CalPERS claims still to be "excited" by Brazil after selling its joint-venture property fund for $160m. But at least one economist is warning of an asset bubble.
The announcement last week that CalPERS and sustainability specialist developer Hines had cashed up $160m (€111m) from the sale of their multi-asset, multi-city Brazilian real estate fund doesn't mark a vote of no-confidence in the BRIC market du jour. Far from it.
Joseph Dear, chief investment officer of the $238bn pension scheme, said in a statement that, having generated a 60% internal rate of return on its $95m investment, he was still "excited" by opportunities in the Brazilian real estate market. He pointed to the scheme's strategy to invest 15% of its allocated capital to growth property markets, including Brazil.
Even so, it was a nifty bit of timing - especially if you believe, like economist Samy Dana of the Getulio Vargas Foundation, a think tank, that Brazilian real estate is already bubbly. The argument is that Brazil's consumer credit ratio, currently at 47% of GDP, has contributed to bubbles elsewhere in the economy, including real estate. "All crises in the world were preceded by a credit boom," says Dana.
Asked when he expects property to generate an asset bubble, he says: "It's already happening. Real estate prices have increased in a disproportionate way compared with Brazilian economic growth. With high interest rates in Brazil, you can see from rent value over real estate value that prices are overestimated."
A loss of value on the asset isn't the only risk investors would face if the bubble burst, he points out. "What starts out as a good investment can become something not so interesting," he says. "If there is a devaluation of the real [currency], investors will lose out when they return capital to its country of origin."
At least on its currency, Brazil has been relatively cautious. Early last year, there was significant speculation that it would make progress toward currency convertibility, until the government in October ruled it out in order to prevent volatility caused by so-called 'hot money' rallying.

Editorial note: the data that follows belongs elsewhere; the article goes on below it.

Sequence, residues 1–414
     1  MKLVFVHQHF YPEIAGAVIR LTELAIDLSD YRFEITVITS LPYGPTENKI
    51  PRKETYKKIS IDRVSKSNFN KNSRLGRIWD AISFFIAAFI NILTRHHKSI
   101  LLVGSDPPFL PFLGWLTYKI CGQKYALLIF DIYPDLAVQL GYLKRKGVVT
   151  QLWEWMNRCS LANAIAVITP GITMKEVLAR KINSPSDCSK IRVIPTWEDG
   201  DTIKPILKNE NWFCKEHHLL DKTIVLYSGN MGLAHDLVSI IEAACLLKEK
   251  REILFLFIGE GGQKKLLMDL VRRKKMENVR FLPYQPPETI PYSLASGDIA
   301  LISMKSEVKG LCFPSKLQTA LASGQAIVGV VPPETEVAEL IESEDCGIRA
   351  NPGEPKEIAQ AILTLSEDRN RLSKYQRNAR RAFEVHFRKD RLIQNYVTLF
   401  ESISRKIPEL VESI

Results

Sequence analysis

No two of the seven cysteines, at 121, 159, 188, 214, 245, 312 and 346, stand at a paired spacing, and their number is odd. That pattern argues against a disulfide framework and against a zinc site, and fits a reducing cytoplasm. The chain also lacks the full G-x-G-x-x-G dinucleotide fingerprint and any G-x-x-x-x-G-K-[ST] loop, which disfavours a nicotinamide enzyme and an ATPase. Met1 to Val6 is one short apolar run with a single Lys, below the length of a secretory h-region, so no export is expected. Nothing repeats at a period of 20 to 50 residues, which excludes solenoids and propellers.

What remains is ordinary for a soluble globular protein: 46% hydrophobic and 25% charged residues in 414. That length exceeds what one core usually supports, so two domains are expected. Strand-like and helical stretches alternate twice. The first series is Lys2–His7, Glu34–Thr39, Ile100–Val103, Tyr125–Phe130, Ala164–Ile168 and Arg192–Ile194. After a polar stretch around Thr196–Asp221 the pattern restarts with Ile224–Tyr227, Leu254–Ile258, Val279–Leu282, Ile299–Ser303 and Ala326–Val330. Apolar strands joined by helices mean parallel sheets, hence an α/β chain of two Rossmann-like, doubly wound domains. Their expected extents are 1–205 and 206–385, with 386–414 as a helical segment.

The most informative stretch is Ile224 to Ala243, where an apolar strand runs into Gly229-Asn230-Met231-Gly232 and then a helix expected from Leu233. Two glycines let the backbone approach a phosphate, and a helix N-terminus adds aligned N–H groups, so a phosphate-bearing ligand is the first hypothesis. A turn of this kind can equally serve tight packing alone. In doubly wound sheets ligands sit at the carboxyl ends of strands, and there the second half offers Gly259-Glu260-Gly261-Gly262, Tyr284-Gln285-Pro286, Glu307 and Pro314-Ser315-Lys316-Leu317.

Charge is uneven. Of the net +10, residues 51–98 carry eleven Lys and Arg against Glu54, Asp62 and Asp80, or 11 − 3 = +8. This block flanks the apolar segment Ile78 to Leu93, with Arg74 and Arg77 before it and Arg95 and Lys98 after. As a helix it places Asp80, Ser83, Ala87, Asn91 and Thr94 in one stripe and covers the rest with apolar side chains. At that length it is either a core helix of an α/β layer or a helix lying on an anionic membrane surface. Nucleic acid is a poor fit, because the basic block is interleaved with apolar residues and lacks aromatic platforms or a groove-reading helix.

(Vitoria Saddi, a partner at São Paulo-based SM Managed Futures, points out that "a currency is the mirror image of the country - and there's a lot to be done in Brazil both in politics and economics. If you travel anywhere with the real and try to exchange it, good luck.")
Still, not everyone is as pessimistic about the Brazilian market. Rudyard Ekindi, head of investment research at NEST, recently visited São Paulo to hold discussions with a view to scouting investments for the scheme's imminent portfolio formation.
Although it's still at the theoretical stage, he points out that the pension scheme will reach a significant scale and have to consider a wide range of asset classes for the purposes of risk management. "That means we have to look at emerging markets, and Brazil is a good place to start," he says.
At a recent Brazil investment summit in São Paulo, Ekindi identified transparency as one of the major issues for pension funds investing in emerging markets. This week, he confirmed his impression of Brazil as a transparent market that is both keen to attract international investors and sufficiently transparent to do so.
"It's an advanced, developed country in terms of its infrastructure, regulation and government," he says. "From our initial discussions, it could potentially meet the requirements we have for investment."
Yet he also points to significant peculiarities of the Brazilian market, notably the disproportionate (though he didn't use that word) size of its hedge fund industry and the fact that much of the market is privately owned. Several operas of large banks, for example, are held either privately or by families - "a very different situation from the one you would find in Europe".
"There are governance implications, and it would require the investor to do due diligence, though the regulatory environment gives us confidence," he adds.
Not only CalPERS but other US investors, when they've invested in Brazil, have done so via joint ventures, such as the recent one between Starwood Capital and MRV Engenhana e Participacoes to invest in industrial.
So would NEST favour either a joint venture or investment via a fund set up in Europe or the US? "Look, I love to make things simple," Ekindi says. "I don't want complications. I'm not going to eliminate any scenario in principle, but the principle has to be simple. If there's an infrastructure project of any scale in Brazil, I want to know about it from the Brazilians."
He adds: "If a fund manager in the US can demonstrate they have the introductions and can add value, why not? But I don't want a US manager who doesn't know any more than a UK fund manager."
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